Play it again!
9 March 2009Add to My Folder
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Many children learn to explore and understand the world around them through schemas and schema play, as Sally Featherstone explains
What are schemas?
Schemas are repeated behaviours that babies and young children use to explore and understand the world. Examples of schema behaviour might be:
- a baby continuously dropping objects over the side of a high chair and watching them fall to the floor
- a toddler repeatedly bringing objects and placing them in an adult’s lap, or loading up a barrow or bucket with objects, then tipping them out again
- a child who always climbs into an empty box, builds walls with big bricks and makes walls and fields for cars or small-world animals
- a child who is interested in everything that turns – taps, doorknobs, keys, locks and wind-up toys.
These are all behaviours that can be described as schemas, and during your observations of the children in your care you may have seen some or all of these types.
Some children will show you clear schemas, which they become involved in over days and sometimes months. Other children seem to need this repeated play less often, but some will never be observed in this sort of play. Of course, this does not mean they never do it, just that it is never observed!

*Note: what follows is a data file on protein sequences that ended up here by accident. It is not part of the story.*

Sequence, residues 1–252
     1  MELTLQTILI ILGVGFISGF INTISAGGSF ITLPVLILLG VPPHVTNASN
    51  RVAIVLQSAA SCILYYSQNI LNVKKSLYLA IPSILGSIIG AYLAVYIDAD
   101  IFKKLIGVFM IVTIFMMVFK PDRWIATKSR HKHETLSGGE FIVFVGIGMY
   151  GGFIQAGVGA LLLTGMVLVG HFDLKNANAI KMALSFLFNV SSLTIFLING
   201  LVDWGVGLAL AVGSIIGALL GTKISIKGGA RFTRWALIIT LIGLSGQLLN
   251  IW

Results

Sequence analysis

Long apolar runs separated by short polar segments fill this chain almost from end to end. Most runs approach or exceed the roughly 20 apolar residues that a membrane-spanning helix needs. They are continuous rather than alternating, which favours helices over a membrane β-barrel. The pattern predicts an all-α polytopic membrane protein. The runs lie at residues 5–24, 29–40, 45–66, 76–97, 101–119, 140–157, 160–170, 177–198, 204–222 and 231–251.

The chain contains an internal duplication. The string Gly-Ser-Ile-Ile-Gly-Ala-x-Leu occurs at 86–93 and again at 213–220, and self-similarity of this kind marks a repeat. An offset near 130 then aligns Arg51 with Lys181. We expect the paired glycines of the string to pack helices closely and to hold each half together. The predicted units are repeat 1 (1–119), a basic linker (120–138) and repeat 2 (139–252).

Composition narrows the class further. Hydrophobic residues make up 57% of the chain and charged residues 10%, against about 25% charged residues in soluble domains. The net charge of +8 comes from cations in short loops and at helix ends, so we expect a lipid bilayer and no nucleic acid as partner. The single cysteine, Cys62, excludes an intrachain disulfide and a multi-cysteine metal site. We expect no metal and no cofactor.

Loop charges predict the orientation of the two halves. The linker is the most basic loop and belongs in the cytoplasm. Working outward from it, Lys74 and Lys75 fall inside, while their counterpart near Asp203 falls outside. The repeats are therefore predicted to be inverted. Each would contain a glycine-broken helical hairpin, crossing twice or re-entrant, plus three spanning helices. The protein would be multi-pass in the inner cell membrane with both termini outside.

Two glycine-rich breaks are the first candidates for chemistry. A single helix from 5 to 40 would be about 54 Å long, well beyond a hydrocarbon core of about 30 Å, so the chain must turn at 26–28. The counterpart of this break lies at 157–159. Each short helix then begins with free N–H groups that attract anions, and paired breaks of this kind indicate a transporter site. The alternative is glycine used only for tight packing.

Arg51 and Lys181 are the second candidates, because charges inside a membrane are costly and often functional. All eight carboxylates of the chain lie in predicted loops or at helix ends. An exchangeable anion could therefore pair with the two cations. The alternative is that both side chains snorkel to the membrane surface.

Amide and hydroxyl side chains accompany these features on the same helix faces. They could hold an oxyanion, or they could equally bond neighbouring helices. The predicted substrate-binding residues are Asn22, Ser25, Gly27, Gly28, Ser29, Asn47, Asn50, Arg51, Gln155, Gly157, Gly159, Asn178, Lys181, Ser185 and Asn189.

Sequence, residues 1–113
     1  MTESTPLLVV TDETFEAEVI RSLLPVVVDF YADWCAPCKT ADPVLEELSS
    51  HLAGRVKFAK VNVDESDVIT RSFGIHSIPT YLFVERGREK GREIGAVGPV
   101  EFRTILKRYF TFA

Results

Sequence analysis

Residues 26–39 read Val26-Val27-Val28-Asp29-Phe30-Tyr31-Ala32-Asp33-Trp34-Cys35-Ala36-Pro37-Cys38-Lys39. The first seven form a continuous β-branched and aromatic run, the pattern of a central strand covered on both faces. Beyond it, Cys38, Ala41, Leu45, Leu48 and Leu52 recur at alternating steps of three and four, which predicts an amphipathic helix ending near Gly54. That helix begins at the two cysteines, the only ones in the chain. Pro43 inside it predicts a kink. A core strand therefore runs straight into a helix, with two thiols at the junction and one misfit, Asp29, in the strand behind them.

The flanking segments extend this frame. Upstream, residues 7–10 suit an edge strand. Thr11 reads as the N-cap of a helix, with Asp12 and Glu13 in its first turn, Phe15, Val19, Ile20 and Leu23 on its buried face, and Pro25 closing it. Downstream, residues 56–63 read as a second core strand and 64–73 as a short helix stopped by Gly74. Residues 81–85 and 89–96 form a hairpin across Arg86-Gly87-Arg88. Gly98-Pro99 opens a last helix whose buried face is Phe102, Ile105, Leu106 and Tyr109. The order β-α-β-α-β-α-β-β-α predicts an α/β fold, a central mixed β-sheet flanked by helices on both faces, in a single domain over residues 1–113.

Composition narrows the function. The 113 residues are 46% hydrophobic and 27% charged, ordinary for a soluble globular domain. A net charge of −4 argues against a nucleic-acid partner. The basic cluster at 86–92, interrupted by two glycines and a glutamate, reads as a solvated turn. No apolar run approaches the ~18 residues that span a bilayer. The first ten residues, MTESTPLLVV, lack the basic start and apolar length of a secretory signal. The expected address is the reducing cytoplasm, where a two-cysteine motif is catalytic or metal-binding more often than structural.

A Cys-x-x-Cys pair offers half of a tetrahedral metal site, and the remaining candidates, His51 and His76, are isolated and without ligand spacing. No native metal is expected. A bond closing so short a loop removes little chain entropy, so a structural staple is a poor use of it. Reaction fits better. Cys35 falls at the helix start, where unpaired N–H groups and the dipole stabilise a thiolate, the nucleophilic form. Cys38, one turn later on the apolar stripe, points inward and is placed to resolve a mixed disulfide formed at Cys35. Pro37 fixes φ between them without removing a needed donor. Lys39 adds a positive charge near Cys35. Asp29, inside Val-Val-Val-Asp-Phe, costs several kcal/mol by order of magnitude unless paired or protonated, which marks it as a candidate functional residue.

The theory behind schema play
Researchers and child development experts who have explored schema play have suggested the following reasons for the repetition that is an essential feature of schema play.
Piaget (1896-1980), whose work on schemas is still influential, believed that as active learners children need to construct and reconstruct their experiences through play and action, so they can ‘fix’ their learning.
Vygotsky (1896-1934) wrote ’... speech and action are part of the same complex psychological function, directed towards the solution of a problem in hand.’
Both Piaget and Vygotsky believed that children learn through practice and play, and that repetition is one way that children explore, refine and make sense of what they are experiencing.
Why is schema play important?
The young brain makes thousands of links between cells every hour, as the child experiences the world around them. At first, these links are thin and tenuous – it is practice and repetition that makes them strong and permanent.
Repeating and revisiting the same activity, the same action, the same movement in many different places, times and with different resources turns fragile neural pathways into permanent links in children’s brains, transforming activity into experience, and experience into understanding.
Schemas in the curriculum
The research on schemas and schema play now has a fundamental place in National Guidance on care and education for young children. The Early Years Foundation Stage (EYFS) includes a CD-ROM containing the following criteria for effective play.
Play and Exploration is important because it offers opportunities for:
- making choices and decisions
- using one’s own ideas and imagination
- trying out new behaviours and practising old ones
- practising skills and learning new ones